Z to the pen

Fresh off the presses, the Chicago Cubs have decided to move Carlos Zambrano, the Cubs incumbent ace and opening day starter, to the bullpen, while guaranteeing Carlos Silva a spot in the rotation in Z’s place! Okay so it’s somewhat old news, but we here at THT feel a duty to inform the readers of the most important news around baseball and give our own takes to the situation. Here is a good press release of the news, with some quotes from Lou Piniella and Carlos Zambrano.

The bulk of the online analysis community has not been very complimentary of the move. From the level headed Jack Moore at FanGraphs, who makes the simple and correct observation that giving more innings to a worse pitcher is generally not a good idea, to the not so level headed but hilarious mb21 at AnotherCubsBlog, who makes the speculative observation that Lou Piniella is probably an idiot, there are very few words to be found in support of this decision.

There is, of course, much justification for that reaction among the analysts. Although Zambrano has had a rough start to the season, he has had a long history of success and durability in the rotation that should not be mitigated by 4 games worth of performance. Conversely, although Carlos Silva has had an excellent start to the season, he has had a long history of terribleness in the rotation that should not be mitigated by 3 games worth of performance. Going forward, Z is likely a better pitcher than Silva, and given that a starter is almost always going to be more valuable than a reliever due to the difference in innings pitched, intentionally giving more value to a worse pitcher seems kinda insane.

However, try to see it from the Cubs point of view. Zambrano is being paid 19 million a year and has a 7.45 ERA so far. Their bullpen has 4 blown saves and has an ERA over 6. As a team, they are playing .375 ball and are already 3 games back of the amazing and sexy Cardinals. This team needs a kick start and moving a struggling and overpaid starter to a struggling pen has a couple of potentially positive ramifications. For one, it sends a message to the rest of the 145 million dollar payrolled team that nobody is safe from demotion just because of your price tag. Aramis Ramirez has an OBP below .200 and he needs to play well for the team to have a chance at competition. Furthermore, by moving one of your best pitchers to the bullpen, it gives the team a better chance to hold leads – something that they have not been able to do this season – and that may provide a boost in moral to a team that is on the brink of falling behind the Astros.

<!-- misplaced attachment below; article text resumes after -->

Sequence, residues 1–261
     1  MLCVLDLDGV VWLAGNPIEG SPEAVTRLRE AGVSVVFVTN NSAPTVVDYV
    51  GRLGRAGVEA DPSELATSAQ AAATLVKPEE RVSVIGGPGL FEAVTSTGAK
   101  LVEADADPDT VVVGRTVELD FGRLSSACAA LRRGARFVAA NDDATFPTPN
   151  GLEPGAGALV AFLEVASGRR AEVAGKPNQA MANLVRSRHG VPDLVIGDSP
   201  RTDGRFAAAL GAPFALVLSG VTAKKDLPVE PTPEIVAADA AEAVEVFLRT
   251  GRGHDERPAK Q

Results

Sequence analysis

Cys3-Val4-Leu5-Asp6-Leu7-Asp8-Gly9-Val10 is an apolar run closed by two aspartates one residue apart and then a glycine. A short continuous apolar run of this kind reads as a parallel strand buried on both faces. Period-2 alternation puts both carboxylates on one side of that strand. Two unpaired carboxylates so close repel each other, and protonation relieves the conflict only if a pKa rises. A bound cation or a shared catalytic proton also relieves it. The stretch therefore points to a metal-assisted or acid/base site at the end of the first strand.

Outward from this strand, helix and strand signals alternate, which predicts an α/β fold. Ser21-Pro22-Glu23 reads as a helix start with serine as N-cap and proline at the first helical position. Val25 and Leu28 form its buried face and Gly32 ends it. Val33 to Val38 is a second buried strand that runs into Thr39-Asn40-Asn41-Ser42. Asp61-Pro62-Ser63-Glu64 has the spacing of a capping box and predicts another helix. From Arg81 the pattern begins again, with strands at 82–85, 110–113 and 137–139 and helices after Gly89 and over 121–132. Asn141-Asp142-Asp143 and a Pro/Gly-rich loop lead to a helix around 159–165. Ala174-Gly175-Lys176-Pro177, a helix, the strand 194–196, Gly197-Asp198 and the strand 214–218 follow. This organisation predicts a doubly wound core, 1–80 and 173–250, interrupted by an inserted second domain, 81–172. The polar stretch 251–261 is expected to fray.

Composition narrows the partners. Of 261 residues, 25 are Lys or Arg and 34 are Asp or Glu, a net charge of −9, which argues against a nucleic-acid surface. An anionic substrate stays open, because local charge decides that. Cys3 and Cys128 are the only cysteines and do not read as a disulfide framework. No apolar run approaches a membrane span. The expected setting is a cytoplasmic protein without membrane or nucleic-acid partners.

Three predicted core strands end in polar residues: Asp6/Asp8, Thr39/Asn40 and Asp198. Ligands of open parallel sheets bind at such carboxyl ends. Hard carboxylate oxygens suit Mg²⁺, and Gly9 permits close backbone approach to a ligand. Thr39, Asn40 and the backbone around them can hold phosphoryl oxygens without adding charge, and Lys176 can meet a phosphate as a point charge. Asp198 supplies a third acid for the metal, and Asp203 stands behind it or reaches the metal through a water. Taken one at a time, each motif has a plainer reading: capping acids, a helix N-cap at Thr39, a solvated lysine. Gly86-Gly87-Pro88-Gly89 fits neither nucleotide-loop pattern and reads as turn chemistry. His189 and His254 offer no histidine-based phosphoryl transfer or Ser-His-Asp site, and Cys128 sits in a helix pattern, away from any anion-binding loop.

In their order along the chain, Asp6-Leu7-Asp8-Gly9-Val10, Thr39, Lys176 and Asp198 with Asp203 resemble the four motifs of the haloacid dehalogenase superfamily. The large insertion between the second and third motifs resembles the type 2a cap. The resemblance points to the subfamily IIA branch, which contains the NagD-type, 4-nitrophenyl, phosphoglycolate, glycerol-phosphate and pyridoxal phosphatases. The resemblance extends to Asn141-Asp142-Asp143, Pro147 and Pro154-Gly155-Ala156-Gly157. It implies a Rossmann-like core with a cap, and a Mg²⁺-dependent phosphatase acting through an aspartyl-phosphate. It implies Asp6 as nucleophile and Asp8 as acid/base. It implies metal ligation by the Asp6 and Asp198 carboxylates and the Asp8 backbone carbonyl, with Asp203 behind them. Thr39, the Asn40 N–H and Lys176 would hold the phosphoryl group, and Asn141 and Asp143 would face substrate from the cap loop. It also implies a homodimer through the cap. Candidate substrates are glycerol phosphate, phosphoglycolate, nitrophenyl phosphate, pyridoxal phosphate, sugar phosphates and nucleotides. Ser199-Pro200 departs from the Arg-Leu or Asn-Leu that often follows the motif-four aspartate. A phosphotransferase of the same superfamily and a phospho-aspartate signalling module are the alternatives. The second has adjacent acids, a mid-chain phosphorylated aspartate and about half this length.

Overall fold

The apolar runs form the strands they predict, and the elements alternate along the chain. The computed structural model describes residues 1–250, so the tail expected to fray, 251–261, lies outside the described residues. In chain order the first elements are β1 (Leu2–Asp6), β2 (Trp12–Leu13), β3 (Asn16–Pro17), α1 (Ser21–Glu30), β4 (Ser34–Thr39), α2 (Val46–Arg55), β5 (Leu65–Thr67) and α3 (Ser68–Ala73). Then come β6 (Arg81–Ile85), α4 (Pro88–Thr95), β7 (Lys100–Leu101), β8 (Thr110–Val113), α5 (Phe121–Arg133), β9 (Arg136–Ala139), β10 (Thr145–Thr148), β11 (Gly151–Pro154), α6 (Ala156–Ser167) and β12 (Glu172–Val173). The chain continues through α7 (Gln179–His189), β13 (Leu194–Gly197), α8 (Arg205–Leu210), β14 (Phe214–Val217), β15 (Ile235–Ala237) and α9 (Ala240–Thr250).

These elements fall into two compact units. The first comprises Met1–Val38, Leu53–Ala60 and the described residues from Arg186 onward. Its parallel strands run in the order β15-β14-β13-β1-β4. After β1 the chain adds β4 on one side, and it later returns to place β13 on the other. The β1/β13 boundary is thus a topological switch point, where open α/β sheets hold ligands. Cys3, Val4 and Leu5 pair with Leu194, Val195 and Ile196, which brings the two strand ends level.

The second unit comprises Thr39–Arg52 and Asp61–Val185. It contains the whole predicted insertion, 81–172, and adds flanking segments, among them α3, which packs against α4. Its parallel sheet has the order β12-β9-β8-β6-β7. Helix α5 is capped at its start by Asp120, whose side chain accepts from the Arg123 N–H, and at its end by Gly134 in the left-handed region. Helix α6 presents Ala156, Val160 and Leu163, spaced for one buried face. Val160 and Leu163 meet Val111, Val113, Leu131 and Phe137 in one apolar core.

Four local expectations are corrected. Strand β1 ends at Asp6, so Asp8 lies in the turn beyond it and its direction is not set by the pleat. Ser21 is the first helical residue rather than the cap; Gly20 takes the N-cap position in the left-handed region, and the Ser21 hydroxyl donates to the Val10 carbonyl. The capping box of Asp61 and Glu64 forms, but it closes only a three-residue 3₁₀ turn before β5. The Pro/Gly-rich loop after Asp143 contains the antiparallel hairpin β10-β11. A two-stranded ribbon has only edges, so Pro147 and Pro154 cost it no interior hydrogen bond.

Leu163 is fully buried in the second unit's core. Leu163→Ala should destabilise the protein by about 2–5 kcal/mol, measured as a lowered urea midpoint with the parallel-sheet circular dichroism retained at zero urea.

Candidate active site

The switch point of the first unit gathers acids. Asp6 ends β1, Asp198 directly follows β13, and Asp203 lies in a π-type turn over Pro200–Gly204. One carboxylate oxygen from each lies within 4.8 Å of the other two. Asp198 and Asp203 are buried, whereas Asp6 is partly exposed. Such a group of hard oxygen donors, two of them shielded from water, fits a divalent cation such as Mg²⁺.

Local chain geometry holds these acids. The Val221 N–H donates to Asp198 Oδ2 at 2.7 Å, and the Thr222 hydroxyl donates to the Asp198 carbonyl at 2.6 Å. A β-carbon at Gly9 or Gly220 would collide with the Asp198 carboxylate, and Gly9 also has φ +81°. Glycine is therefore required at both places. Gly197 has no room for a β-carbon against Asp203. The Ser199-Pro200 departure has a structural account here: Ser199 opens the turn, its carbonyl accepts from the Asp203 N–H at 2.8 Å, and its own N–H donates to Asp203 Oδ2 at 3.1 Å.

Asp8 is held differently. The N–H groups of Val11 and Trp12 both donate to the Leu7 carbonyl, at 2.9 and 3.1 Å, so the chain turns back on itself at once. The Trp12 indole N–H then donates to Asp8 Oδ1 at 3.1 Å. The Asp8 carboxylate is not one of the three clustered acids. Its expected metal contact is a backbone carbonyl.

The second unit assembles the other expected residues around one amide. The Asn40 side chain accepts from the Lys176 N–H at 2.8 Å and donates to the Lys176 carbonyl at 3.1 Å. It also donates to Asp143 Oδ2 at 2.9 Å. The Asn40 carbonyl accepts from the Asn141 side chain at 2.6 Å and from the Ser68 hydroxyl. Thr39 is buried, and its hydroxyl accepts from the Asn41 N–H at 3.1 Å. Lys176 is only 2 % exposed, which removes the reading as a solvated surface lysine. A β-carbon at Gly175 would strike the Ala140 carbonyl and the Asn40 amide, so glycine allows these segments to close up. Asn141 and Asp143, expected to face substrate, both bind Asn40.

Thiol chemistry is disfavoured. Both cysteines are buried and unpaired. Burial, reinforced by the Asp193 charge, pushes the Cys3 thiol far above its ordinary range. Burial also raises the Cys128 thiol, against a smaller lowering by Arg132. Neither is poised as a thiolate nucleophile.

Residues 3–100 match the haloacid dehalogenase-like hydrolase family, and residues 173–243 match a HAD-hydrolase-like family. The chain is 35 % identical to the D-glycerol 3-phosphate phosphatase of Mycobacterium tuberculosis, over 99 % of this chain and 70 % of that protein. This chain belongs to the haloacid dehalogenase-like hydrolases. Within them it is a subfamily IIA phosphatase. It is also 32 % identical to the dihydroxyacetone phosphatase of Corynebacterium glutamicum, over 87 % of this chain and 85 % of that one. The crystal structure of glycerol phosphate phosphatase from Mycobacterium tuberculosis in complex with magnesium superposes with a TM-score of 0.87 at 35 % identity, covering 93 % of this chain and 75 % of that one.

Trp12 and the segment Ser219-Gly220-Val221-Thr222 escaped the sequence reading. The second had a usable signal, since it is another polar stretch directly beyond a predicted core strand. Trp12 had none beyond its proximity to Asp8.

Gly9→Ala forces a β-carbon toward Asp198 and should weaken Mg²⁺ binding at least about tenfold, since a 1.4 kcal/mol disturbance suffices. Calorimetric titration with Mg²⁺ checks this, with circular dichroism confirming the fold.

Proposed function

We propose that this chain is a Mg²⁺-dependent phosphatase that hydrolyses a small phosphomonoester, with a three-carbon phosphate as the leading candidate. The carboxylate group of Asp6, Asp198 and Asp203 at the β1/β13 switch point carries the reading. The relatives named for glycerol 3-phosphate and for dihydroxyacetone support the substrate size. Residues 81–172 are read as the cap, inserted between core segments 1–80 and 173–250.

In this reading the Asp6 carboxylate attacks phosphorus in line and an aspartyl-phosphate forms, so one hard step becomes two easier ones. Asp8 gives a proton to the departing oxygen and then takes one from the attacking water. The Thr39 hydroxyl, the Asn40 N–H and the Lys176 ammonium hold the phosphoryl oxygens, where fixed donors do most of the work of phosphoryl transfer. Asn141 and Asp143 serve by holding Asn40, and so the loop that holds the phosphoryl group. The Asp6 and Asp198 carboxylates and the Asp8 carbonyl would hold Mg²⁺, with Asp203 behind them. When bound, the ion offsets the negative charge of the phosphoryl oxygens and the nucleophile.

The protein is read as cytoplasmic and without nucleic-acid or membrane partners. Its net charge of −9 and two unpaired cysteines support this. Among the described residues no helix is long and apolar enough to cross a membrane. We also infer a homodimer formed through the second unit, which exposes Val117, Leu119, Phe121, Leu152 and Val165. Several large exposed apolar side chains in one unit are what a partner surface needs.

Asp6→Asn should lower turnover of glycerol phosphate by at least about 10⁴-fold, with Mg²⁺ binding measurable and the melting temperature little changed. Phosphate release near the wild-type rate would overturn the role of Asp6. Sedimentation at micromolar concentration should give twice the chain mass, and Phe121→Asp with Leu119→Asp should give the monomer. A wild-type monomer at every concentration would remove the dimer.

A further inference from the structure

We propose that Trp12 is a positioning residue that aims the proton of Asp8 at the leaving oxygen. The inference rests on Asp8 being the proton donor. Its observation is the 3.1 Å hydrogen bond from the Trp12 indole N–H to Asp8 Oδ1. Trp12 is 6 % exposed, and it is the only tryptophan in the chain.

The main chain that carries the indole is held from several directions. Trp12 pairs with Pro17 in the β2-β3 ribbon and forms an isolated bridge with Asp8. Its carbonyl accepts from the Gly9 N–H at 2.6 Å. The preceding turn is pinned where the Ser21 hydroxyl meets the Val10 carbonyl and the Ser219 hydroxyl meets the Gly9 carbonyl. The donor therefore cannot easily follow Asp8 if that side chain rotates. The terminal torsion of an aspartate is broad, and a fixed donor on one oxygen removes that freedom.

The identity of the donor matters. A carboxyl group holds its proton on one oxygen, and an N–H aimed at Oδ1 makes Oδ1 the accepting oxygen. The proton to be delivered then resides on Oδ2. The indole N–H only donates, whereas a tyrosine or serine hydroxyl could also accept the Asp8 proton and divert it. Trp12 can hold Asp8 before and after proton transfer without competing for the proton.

In the long term Z in the bullpen instead of the rotation is a bad move for the team. They will win fewer games over the course of 162 by giving fewer innings to Zambrano. However, if Lou thinks that a short term realignment might help the team, I can see some justification for that.

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  1. Joe Distelheim said...

    A dissenting view to the near-unanimous criticism of this move, from a longtime Cubs watcher:

    Look at it not as a demotion/insult for Zambrano, but from what it might do for the Cubs.

    So far, the starting pitching has been fine—better than fine—except for Zambrano.  There’s some past record to assume that those starters, plus Lilly, maybe not including Silva, can continue to be respectable.

    On the other hand, the seventh-eighth inning pitching has been horrid, and there’s no reason to believe that those guys are going to get any better.  Zambrano has a better chance of getting a lead to Marmol than any of the Double-A crew the Cubs have been using.

    As for the question of a high-priced setup man: So what? That contract is a sunk cost.  Continung to throw a high-priced player into a role where he hurts you is akin to staying in a poker pot with a bad hand just because you’re already deeply invested.

    Right, Sori?

  2. MikeS said...

    There really is no upside.  They already sent the “no job is secure” message when they started taking out Soriano for defensive purposes in the 6th inning.  As for “short term,” they have alternately stated that the move is permanent or indefinite.  Zambrano also said he wants to be back in the rotation for the playoffs, ignoring both the fact that this move makes any playoffs less likely and the difficulty of pitching seven innings in one day after not doing it for five months.

  3. Silver King said...

    Oh yes, (wink) I think we should praise the Cubs for their willingness to experiment and think outside the box in a rough situation.

    (Silver King is a Cardinals fan living in Florida.)

  4. cephyn said...

    I’m so tired of the “less innings” argument. there’s an easy and obvious answer. don’t give him less innings. give him more games. Mike Marshall won the Cy in 74 by pitching over 200 innings in over 100 appearances. that should be the model for Z.

    get him in 70-80 games for 2-3 innings. let him pitch in innings 6-7-8-9. let him close out if he’s pitching well. he’s the ultimate long reliever. he could get 15 wins and 15 saves this way, and be an absolute anchor for the staff.

    this isn’t “out of the box” – it’s old school, and i dont understand why managers who played in the era this was common (piniella, hello) are so unwilling to return to it. its fear of criticism and its pathetic.

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